The detective’s pleasure, dragged to light, makes time disappear. The obsession with time that, in a detective story of the classic variety, assembles life from bits and pieces, making it rational, comprehensible, intelligible, is sacrificed in favour of contemplation in ‘Quinquin’. Not that it is anything surprising. In Dickens and Conan Doyle, in Chesterton and in Poe, passion for description, for methodical record-keeping and clever details served as a shield from the present. The endless catalogues attested to the solidity of the individual world, created its visual copy (and the area of its origin is immaterial, be it the history of atlases, parallel to the human one, or the kingdom of butterflies). In other words, they satisfied the need for a fundament, a foundation to which the reason could hold on.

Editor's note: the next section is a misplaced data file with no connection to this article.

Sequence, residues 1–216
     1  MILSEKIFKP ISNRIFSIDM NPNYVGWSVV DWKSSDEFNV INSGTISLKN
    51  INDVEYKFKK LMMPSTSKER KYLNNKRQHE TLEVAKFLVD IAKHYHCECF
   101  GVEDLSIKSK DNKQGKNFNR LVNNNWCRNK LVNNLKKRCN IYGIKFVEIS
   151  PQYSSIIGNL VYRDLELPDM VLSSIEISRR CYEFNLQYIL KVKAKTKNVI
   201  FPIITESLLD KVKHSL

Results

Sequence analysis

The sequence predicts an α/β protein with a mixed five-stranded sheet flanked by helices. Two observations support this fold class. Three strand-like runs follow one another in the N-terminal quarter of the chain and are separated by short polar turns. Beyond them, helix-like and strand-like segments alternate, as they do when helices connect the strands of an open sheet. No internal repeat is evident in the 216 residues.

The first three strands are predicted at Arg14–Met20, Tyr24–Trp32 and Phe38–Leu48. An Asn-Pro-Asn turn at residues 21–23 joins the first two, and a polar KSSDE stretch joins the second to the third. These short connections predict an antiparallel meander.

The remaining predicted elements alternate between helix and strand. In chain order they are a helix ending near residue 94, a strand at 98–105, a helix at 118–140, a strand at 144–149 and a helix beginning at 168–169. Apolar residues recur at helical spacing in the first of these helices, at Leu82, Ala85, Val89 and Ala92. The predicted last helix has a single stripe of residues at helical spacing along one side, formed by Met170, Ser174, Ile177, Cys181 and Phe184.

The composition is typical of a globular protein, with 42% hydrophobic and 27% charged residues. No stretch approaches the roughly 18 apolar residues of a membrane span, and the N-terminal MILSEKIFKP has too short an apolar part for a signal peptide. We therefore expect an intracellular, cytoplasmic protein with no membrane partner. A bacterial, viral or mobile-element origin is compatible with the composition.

In Dumont’s detective story, there are no ‘universal rules’, no common ground ‒ with the possible exception of the landscape. The world consists of autonomous elements correlated based on the principle of solitude. It could almost have stepped out of television (the equally disparate world of Rubens and Marvel Comics, cheerleader girls and mulish French peasants, lacking any strictly defined coordinates). Each of the characters lays claim to its own separate existence. Furthermore, the rules of the narrative, the distinctive Dumontian syntax (with its transitions from close-ups to extreme long shots), insist that each action exists simultaneously with a hypothetical double; each storyline, while formally belonging to contemporaneity, unfolds in situational time, as opposed to chronological one. In other words, this has nothing in common with the traditional detective story (with its preoccupation with time, verification of hypotheses and cult of the detail). This is ruled out by the very principles of editing ‒ the banishment of the classic narrator who could have attested to the objectivity of the outside world. So what is it that we are left with here? Why, it’s the same old Dumontian experience. [iv]. While in his earlier work Dumont refrained from using types, insisting on Adamic opaqueness of his characters, robbing them of names and professions, in ‘Quinquin’ the very genre of the piece prompted him to reinstate these attributes. The comic dimension seems to authorize ‘wholeness’, gives permission to take the experience of ‘being someone’ to its logical (or linguistic) limits. All of the roles (the peasant, the dancer, the Spiderman, the halfwit Dany) ‘fulfil themselves’ to the end ‒ intensify the functionality of the human (or inhuman) element, taking to the domain of the pure sign. Thus, at some point, Spiderman actually does attach himself to the barn. And Dumont does not disavow the trick; he does not announce that it is just a joke and the boy is only a costume-wearing cousin of Terrier’s daughter. The dancer dies ‘on the stage’, creating a live nature morte with the sea and the boulders. Terrier’s daughter, who was rude to an African guy, will dissolve in the barn, leaving behind not only her ‘Cause I Knew’, performed at the memorial service in church, the pigsty and the provincial talent contest, but also a soft musical accompaniment, reminiscent of Pasolini’s offscreen Bach. The immediate association is his ‘Porcile’ (‘Pigsty’), and the rhyme works. Because the logic of the detective story here operates on the symbolic level: everybody who commits a sin against virtue will die. The notorious experience will be taken to its limits and exhausted. Effectively, you could say that the sacrificial victims actually offer themselves for immolation and, obeying their moral obligation, voluntarily disappear in the carcass of the cow.